For example, in economic liberal constructionist thought, there is the belief in allowing market forces to determine the overall outcome of a particular market choice. Consequently, liberal constructionists would like the government to legitimize the rules and duties of other players in the market through the constitution. However, this can create a number of contradictions because by including these obligations in the law, then the government would be interfering in individual human rights. However, without legitimizing these obligations in the law, then there would be some room for abuse of human rights through lack of fair play.
Besides this, the liberal constructionist school of thought puts itself in a position where it could interfere in human rights by minimizing state involvement in critical areas such as security. The latter school of thought advocates for free market forces even in this area yet state involvement may be a positive there. (Zakartia, 2003) The liberal constructionist school of thought like many other views on human freedom has two major challenges that it seeks to tackle and these are; • Social equality • Economic freedom
The merger of these two entities have been the subject of controversy and debate in almost all views on human rights and the liberal constructionist school of thought is no exception. Some proponents claim that a law that grants equal rights to every human being would be useless. This is largely because if the poor are allowed to forego their debts as a result of the pursuit of ‘freedom’, then the justice systems will be at the mercy of the wealthy in society. Another school of thought that rejects the liberal constructionist view is the collectivist one.
According to these adherents, liberal constructionists have eliminated moral ideas that may be described as real and have replaced them with abstract ideologies. According to the latter critics, liberal constructionists have undermined the issue of self control and the pursuance of moral rights. They claim that without the moral imperative in society, then it becomes very difficult to understand the true meaning of freedoms and this eventually undermines human rights. (Weeramantry, 2004) Other critics claim that the liberal school of thought encourages or overemphasizes selfish pursuits rather than collective tendencies.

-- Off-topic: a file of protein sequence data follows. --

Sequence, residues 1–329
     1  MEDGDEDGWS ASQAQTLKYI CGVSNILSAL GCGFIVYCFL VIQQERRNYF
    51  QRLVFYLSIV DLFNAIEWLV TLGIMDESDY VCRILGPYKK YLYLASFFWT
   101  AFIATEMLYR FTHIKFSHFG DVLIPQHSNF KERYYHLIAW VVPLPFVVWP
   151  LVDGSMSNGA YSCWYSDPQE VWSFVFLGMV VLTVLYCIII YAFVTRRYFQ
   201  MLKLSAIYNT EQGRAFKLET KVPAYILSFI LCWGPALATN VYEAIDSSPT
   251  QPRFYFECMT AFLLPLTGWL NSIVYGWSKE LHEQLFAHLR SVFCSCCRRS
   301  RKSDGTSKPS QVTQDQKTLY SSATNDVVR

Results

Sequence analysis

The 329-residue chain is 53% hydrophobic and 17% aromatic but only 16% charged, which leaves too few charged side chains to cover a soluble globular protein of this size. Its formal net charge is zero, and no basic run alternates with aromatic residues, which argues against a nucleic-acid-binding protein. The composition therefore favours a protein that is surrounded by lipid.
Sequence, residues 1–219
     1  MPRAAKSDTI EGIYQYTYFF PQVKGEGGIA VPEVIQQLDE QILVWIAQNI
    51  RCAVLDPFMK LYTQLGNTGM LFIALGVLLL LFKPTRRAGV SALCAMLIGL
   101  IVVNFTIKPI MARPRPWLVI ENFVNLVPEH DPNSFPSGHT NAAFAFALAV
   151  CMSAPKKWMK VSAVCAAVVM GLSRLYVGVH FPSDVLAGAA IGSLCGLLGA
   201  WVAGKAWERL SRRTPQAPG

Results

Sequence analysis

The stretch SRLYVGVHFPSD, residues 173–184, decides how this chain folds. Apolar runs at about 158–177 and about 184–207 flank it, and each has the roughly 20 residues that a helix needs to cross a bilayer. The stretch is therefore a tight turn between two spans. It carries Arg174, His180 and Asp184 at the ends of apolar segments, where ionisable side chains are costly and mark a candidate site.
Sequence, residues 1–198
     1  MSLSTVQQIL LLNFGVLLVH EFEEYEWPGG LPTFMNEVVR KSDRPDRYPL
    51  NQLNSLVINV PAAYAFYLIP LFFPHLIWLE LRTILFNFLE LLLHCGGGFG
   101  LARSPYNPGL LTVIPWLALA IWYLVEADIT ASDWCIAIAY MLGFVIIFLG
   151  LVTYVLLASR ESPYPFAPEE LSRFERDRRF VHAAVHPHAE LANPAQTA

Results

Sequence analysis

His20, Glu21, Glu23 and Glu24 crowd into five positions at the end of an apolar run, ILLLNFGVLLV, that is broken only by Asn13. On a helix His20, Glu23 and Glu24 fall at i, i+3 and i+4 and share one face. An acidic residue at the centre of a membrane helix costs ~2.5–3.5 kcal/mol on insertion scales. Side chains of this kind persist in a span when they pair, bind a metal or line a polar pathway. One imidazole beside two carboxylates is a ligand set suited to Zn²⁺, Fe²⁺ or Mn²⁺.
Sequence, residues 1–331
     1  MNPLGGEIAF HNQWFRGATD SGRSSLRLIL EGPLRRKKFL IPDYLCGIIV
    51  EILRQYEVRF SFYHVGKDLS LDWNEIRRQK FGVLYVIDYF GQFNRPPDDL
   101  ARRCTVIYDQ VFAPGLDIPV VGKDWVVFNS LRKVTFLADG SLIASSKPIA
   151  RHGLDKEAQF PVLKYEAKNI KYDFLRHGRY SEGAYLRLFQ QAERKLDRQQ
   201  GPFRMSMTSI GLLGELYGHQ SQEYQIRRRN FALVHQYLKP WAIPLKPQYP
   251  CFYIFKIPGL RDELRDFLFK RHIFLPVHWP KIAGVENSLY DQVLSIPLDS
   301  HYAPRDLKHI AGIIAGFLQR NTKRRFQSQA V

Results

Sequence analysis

These critics put forward the notion that individual human rights can be protected even with the return to collectivist tendencies. Besides these, critics also claim that liberal constructionist thoughts have been applied sparingly in different arenas. Extreme cases are almost never present. Consequently, many have questioned where there is actual real meaning in this view because no institution or entity actually applies it wholesomely. Conclusion Liberal constructionists claim that laws should be adhered to while at the same time minimizing interference in individual human rights.
However, this view creates controversies because there are certain areas that do not have state interference. Additionally, the view places so much emphasis on self interests and looks down upon collective good.
References Anleu, S. (1999): Sociologists confront human rights; Journal of sociology, 35, 12, 48 Zakartia, F. (2003): Illiberal Democracy; Foreign Affairs Journal, 76, 6, 13 Weeramantry, J. (2004): Justice without frontiers – furthering human rights; Distributive Justice Journal, 2, 17, 88